Enforcing the regulation
FDA and Customs and Border Protection are not fooling around when it comes to regulation enforcement. Between Dec. 12, 2003, and Aug. 12, 2004, FDA says it will "communicate and educate" any company that is not registered or any ingredient supplier that does not send prior notification. However, if there is a category-one violation—credible evidence or information in the prior notification that indicates serious and adverse health consequences—the food shipment can be refused. The communication and education policy also affects companies that infringe category-two and three violations. These reflect repeated flagrancy and (or) intentional disregard for the regulations, according to FDA's Compliance Policy Guide.
On Aug. 12 2004, FDA and Customs and Border Protection will refuse food shipments of any ingredient suppliers refusing to send timely prior notification. During routine spot checks of food processing facilities and bakeries, FDA also will check to see if a facility is registered. If the bakery does not register after repeated warnings, FDA can file a lawsuit.
To gather information about the regulation's effectiveness, FDA and CBP plan to evaluate the eightmonth transitional period between Dec. 12, 2003 and Aug. 12, 2004.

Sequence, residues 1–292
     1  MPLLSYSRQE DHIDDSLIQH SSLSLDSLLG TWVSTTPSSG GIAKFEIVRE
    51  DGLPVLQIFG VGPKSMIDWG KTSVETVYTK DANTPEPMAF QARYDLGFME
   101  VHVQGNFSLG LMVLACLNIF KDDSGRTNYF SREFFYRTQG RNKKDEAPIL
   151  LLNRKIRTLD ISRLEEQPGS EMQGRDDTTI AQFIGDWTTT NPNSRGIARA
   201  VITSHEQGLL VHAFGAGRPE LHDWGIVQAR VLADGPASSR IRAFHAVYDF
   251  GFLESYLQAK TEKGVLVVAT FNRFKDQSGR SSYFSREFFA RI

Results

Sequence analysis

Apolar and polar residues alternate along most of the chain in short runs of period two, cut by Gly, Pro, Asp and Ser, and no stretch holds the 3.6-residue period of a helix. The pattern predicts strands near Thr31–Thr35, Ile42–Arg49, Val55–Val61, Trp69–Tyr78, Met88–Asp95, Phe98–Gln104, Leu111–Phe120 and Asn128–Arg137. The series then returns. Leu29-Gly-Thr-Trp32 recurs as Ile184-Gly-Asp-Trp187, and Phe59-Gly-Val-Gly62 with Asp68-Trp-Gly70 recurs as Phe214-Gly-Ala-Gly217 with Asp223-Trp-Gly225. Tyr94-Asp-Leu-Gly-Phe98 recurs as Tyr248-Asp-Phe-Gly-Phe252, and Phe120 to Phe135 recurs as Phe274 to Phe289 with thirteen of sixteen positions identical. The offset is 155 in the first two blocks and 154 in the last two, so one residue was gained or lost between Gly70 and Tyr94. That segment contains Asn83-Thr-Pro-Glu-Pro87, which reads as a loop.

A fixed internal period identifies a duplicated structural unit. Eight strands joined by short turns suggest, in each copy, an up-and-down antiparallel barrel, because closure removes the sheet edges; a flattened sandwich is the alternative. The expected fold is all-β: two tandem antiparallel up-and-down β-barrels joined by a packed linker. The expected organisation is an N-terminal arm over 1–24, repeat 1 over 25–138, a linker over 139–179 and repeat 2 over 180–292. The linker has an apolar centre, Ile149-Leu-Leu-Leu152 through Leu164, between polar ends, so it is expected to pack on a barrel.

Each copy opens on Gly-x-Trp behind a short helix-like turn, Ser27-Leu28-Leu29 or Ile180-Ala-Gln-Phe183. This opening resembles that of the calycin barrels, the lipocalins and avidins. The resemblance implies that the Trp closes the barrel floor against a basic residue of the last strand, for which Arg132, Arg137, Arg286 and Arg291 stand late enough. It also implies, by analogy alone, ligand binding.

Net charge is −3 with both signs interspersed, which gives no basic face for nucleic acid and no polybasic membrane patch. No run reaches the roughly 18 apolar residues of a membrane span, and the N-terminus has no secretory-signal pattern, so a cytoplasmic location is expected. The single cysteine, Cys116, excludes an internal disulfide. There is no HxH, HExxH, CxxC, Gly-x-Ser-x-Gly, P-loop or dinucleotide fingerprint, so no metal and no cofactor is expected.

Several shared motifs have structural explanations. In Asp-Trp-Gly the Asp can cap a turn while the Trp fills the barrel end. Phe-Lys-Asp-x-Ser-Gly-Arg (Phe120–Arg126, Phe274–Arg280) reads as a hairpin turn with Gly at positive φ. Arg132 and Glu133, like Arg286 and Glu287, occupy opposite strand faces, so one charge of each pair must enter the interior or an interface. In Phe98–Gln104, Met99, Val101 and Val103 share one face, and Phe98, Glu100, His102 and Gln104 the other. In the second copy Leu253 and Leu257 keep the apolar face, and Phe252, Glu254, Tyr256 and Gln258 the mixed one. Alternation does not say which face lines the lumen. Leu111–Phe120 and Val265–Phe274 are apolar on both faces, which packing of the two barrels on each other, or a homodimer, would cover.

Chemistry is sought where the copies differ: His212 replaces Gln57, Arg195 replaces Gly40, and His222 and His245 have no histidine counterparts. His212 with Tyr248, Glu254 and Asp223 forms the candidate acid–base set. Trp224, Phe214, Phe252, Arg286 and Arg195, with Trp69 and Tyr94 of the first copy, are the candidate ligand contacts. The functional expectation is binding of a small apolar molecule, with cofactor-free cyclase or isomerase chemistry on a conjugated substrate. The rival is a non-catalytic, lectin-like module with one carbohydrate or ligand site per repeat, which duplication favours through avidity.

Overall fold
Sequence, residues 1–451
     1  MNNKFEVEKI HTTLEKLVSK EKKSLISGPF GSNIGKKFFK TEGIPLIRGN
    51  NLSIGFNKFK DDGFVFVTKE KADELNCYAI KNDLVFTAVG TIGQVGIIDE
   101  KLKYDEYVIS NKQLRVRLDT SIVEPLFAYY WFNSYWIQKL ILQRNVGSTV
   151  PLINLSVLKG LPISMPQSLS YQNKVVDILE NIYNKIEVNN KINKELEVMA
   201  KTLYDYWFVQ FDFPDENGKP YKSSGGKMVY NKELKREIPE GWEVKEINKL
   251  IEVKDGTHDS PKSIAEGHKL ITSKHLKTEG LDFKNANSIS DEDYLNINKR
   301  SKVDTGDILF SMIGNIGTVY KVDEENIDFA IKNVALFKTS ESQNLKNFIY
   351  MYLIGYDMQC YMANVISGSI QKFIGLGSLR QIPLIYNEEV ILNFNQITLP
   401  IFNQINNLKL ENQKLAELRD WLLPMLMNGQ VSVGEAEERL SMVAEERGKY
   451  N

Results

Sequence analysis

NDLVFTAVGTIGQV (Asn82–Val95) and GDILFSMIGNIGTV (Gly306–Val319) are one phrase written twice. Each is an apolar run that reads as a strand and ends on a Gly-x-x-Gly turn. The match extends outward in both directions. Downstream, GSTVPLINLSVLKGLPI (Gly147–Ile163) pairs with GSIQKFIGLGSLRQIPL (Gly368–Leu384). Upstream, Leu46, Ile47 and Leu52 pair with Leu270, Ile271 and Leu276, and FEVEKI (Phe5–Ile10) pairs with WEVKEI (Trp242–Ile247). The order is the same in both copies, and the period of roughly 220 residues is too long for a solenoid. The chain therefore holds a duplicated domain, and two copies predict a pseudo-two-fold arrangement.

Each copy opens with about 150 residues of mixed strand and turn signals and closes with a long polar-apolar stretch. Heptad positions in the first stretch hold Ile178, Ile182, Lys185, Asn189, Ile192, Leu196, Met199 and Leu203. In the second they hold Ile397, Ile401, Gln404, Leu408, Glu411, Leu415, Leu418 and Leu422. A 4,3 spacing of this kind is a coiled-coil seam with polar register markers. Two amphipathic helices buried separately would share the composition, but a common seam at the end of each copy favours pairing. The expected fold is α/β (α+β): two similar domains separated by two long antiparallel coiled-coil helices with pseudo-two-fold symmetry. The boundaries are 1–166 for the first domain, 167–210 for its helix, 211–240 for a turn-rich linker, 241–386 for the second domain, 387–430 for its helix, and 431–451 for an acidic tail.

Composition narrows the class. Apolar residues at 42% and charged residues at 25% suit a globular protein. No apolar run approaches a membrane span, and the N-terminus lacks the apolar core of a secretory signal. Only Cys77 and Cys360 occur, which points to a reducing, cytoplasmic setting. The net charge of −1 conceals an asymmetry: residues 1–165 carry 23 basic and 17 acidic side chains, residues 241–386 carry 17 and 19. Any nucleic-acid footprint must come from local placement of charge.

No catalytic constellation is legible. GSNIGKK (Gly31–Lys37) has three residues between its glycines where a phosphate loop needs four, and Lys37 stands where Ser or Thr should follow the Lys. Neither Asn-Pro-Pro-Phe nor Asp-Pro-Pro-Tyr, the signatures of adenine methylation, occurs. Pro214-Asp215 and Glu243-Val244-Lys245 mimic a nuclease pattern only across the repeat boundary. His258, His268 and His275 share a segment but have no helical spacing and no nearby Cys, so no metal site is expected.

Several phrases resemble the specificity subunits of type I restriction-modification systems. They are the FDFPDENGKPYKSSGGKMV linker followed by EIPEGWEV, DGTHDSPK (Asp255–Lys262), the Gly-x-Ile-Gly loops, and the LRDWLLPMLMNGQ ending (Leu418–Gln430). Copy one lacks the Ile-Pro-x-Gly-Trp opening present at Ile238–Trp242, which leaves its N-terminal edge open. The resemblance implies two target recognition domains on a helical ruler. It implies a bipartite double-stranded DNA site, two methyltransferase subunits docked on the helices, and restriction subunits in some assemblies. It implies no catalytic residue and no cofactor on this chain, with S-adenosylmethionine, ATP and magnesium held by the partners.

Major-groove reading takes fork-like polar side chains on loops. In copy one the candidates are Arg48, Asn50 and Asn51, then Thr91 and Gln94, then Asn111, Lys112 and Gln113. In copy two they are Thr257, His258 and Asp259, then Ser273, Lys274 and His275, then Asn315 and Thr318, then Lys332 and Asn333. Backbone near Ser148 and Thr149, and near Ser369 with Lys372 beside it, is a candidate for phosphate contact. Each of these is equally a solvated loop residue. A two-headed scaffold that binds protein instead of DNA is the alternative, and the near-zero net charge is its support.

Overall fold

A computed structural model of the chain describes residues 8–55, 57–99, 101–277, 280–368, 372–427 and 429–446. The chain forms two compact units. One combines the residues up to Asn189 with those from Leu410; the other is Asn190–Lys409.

FDA stresses that registration is important. With the terrorism threat continually looming, the U.S. food industry is moving in the right direction to prevent a future terrorist attack, according to FDA.
"If all information is filled out, the system will generate a registration number that is unique to that registered facility," Lake says. "FDA will not disclose that registration number to anyone else."
Q&A with Bob Lake, FDA's director of regulations and policy at center for food security
How prepared do you think bakeries and the U.S. food industry are for the bioterrorism threat?
Will FDA be spot checking areas of the country to see if food processors have fallen in line with the Bioterrorism Act?
What happens to a baker's product if it is contaminated and then contained by FDA through no fault of the baker? What are the steps involved?
It is called a seizure. We don't care why it is contaminated, we just want to make sure the consumer is safe from the contamination. Ordinarily it is a court action and if any company thinks we are wrong, they can go into court and challenge it. If we prevail in a seizure, as we normally do, then those goods are destroyed.
When will education stop and enforcement begin?
What will FDA do exactly?
The most severe case is when someone is trying to get food into the United States without prior notice. Companies in United States don't need prior notice when shipping within borders. However, they do need to be registered. And FDA will periodically inspect firms, and will be checking to see if they are registered.
What problems have surfaced with the Bioterrorism Act's regulations?